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Rolling back to the '80s with Shakespeare's 'Twelfth Night'

Rolling back to the '80s with Shakespeare's 'Twelfth Night'


The gender-bending Shakespearean comedy of mistaken identities, “Twelfth Night, or What you Will,” is taking an even stranger turn in the new NOVA production opening Friday.

Director Danielle Turtainen has spent the last eight months bringing an ’80s look and sound to the production, written in the early 1600s, as a way to finish off the Christmas season with laughter. It will be performed in the Black Box at NOVA Center for the Performing Arts through Jan. 31.

Turtainen, who graduated from Rocky Mountain College in 2001 with a theater degree, has performed twice in the comedy, once as the cross-dressing Viola in a London production.

Her London director assigned Turtainen to go out to a pub dressed as a man to see if she could pull it off. She has instructed her actress who plays Viola, Rebecca Spring, to observe the way men walk, sit and talk on the phone to get the movement down.

“Rebecca was stuck in an airport for a few hours,” Turtainen said. “I told her, ‘Go follow some men around.’”

And here’s another novel addition to the show — pizza. Turtainen and a few cast members, who range in age from 19 to 40, remember the synthesized pop music and the soda wars of the 1980s when Pepsi went head-to-head with Coke.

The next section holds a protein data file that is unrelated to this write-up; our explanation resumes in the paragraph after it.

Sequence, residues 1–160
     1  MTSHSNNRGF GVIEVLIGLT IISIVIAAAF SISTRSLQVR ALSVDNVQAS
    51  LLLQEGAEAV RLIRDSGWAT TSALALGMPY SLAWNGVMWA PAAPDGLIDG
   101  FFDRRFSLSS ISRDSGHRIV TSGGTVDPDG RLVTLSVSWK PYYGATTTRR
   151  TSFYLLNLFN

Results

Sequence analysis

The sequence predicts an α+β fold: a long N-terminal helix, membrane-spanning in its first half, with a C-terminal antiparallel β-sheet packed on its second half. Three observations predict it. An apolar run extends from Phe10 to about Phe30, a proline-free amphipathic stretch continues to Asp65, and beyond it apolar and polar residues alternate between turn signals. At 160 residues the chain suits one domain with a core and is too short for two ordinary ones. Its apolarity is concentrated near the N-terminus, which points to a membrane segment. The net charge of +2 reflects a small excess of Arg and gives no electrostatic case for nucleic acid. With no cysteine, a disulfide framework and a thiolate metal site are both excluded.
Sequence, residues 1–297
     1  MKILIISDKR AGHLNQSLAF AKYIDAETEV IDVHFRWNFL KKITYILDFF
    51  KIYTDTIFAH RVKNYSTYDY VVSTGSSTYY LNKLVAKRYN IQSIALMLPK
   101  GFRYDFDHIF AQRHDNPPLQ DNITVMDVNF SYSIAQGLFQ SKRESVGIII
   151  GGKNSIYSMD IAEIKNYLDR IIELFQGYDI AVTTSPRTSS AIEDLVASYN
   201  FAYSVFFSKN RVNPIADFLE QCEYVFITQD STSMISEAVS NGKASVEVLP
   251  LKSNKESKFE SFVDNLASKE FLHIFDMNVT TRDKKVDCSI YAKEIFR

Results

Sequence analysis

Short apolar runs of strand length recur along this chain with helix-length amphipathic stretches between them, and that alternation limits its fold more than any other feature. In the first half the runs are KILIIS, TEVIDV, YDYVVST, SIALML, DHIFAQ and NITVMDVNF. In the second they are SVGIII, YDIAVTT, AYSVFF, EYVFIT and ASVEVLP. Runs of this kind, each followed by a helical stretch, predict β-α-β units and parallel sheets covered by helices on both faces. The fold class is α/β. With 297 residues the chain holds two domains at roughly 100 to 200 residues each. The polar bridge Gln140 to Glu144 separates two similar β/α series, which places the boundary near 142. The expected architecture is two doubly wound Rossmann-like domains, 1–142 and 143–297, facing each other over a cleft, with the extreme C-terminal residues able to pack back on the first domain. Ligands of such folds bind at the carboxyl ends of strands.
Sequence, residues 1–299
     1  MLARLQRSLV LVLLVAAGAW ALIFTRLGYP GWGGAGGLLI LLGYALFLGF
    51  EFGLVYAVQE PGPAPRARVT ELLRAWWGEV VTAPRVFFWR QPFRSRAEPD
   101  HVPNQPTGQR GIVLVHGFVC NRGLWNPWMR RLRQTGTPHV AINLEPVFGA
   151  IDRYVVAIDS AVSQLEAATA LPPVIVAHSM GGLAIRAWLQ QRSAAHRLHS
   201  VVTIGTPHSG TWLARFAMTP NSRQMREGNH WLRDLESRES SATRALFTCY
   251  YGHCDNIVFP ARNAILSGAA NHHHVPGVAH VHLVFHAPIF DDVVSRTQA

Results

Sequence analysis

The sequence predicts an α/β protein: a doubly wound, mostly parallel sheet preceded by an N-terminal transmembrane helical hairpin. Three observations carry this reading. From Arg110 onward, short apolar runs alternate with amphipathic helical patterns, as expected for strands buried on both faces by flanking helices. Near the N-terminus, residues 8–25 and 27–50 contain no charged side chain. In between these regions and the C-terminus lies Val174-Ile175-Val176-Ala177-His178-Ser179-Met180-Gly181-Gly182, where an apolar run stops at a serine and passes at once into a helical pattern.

The cast will wear T-shirts in red and blue representing the colors of the soda moguls and identifying them with two warring pizzerias, Duke’s and Antonio’s. During one of the bawdy party scenes, the cast members will walk through the audience handing out fresh, hot slices of pizza, compliments of NOVA’s neighboring business, Ciao Mambo.

Turtainen has also been scouring Billings since last May acquiring tacky plastic furniture, music from Run DMC, Aerosmith and others, and clothing, including slap watches and animal-print fluorescent leggings. The script already includes lyrics, but for many productions, there is no melody to pair with the words. So Turtainen’s inventive mind started to drift toward songs from the ’80s that fit into the scenes — like “Dirty Laundry” and “Walk This Way.”

“I stumbled over a Run DMC song. It livens up the whole thing,” she said.

Shakespeare’s language has not been altered, but one minor character was cut from the production. Audience members may not be used to seeing Shakespeare’s work performed by girls with side ponytails wearing turquoise eyeshadow and guys carrying ghetto blasters, but Turtainen believes the language becomes more relatable because the characters are.

“This is a really fun show,” Turtainen said. “People need to know this is not hoity-toity Shakespeare. It’s lewd and it’s funny. Shakespeare wrote about opposites and switching roles and when you look at the ‘80s there was lots of that going on with entertainers like Boy George.”

As the cast ran through a dress rehearsal on Monday, Turtainen didn’t have to convince them to bring more energy to the show. In fact, she instructed them to tone down their laughter.

Stephen Seder’s portrayal of Sir Andre Agucheek is loud and fun. He teams up with Richard Leeds (Feste the Clown) and Gabriel Kenton (Sir Toby Belch) as three partying friends from the pizza parlor who set out to pull the ultimate prank on the pompous Malvolio (played by Carl Redman) to make him believe that his employer, Olivia (Sadie Turner) is in love with him.

Other surprises are in store for audience members who care to step back into the ’80s.



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Entertainment Reporter

Jaci Webb covers entertainment for The Billings Gazette.

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